Potential of Lessened Guilt and Anger

By waiting to deliver the news, you may reduce the guilt you feel about announcing the end of your marriage and you may mitigate the anger that your spouse feels. This can make the following months more amicable.

Cons

Have to Fake It

If you keep the news a secret, you have to be willing and able to fake your marriage for a few weeks or months. This isn’t easy and, if your spouse sees through your act, can result in an ugly confrontation.

Spouse/Kids May See the Holiday as a Lie

When you announce divorce in January, it’s pretty clear to everybody that you were simply biding your time (after all, there’s a reason that it’s nicknamed Divorce Season). That realization can make your spouse and kids feel as though the previous holiday was a farce and they may wonder what else you deceived them about.

Waiting is Difficult if You Feel Compelled to Act

If you have been contemplating divorce for awhile and you’ve now reached a decision, you may feel driven to act upon your choice. You might find it difficult to stay patient and refrain from making forward progress on your decision while you wait for the calendar to cooperate.

 —–

The truth of the matter is that there is no perfect time to broach the topic of divorce. There will always be a birthday, an anniversary, a graduation or a major holiday just around the corner. Worry less about what is coming and focus more on the specifics of the conversation :

DO be clear in your intent and your timeline.

DO allow your spouse time to process and space to respond without being defensive.

DO deliver the news with a counselor’s support, if needed.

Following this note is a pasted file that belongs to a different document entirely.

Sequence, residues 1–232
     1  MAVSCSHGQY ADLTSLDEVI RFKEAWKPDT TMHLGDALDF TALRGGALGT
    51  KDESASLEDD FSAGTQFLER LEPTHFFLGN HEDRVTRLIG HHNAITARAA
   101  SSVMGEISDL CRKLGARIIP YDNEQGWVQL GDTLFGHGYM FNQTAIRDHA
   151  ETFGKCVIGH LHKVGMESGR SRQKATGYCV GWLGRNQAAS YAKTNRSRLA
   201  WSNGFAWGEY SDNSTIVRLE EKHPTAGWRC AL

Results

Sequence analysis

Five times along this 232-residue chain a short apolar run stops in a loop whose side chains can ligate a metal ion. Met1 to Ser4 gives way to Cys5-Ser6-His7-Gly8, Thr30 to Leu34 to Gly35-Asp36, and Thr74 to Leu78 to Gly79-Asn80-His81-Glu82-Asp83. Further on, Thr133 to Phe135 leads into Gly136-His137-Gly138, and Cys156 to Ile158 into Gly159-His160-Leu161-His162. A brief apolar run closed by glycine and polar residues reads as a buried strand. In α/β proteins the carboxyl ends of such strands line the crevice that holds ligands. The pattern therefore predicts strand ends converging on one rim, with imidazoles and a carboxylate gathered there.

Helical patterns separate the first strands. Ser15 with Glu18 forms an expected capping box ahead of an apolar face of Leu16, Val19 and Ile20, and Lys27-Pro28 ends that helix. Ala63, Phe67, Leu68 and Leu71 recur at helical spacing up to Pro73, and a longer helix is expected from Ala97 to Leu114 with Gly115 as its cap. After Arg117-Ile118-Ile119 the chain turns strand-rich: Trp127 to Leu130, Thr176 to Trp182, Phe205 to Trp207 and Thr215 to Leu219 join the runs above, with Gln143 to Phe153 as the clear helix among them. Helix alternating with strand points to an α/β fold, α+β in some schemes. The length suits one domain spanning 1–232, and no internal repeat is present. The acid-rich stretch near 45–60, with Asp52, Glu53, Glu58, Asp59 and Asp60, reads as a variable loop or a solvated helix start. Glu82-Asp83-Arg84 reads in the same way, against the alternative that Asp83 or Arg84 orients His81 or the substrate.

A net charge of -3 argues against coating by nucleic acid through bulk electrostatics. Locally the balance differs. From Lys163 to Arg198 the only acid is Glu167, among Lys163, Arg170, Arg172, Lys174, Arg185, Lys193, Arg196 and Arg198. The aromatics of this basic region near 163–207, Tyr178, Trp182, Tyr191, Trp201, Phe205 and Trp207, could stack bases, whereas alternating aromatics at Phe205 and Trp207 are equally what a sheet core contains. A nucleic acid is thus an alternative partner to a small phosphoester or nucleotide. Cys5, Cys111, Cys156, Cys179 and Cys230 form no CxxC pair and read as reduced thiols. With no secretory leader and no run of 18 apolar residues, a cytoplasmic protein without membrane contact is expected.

DO be kind. There is nothing to be gained by seasoning the news with insults and injury.

How to Have the Difficult Conversations

DON’T allow the news to be a complete and total surprise; your spouse should know the relationship is in trouble first.

DON’T deliver the news in a public location without any chance of privacy.

DON’T expect a positive reaction. They will need time to adjust to the idea. Allow that time.

DON’T proclaim divorce in anger. It’s not a barb to throw during a fight; it’s a deliberate and important major life decision.

The Best Ways to End a Relationship, According to Science

 

Advertisements

3 thoughts on “Should I Wait Until After the Holidays to Ask For a Divorce?

  1. This is great advice. I gave my former husband the separation papers in early December and he waited until Christmas eve to get them signed and notarized. I came home from a party with my daughter and he left the papers on my pillow with a note that says congratulations you are divorced. I was so angry. That can never be changed. Clearly he was angry and it was on purpose. He had them notarized on that day. What an ass!!! We told her in the spring a month before I was moving out. She was 9 and she sobbed for a half hour. It was heartbreaking. It was tough to hold it together that long but we didn’t want to tell her until it was close to moving out bc she would have been anxious for months and she has anxiety.

Leave a Reply

Fill in your details below or click an icon to log in:

WordPress.com Logo

You are commenting using your WordPress.com account. Log Out / Change )

Twitter picture

You are commenting using your Twitter account. Log Out / Change )

Facebook photo

You are commenting using your Facebook account. Log Out / Change )

Google+ photo

You are commenting using your Google+ account. Log Out / Change )

Connecting to %s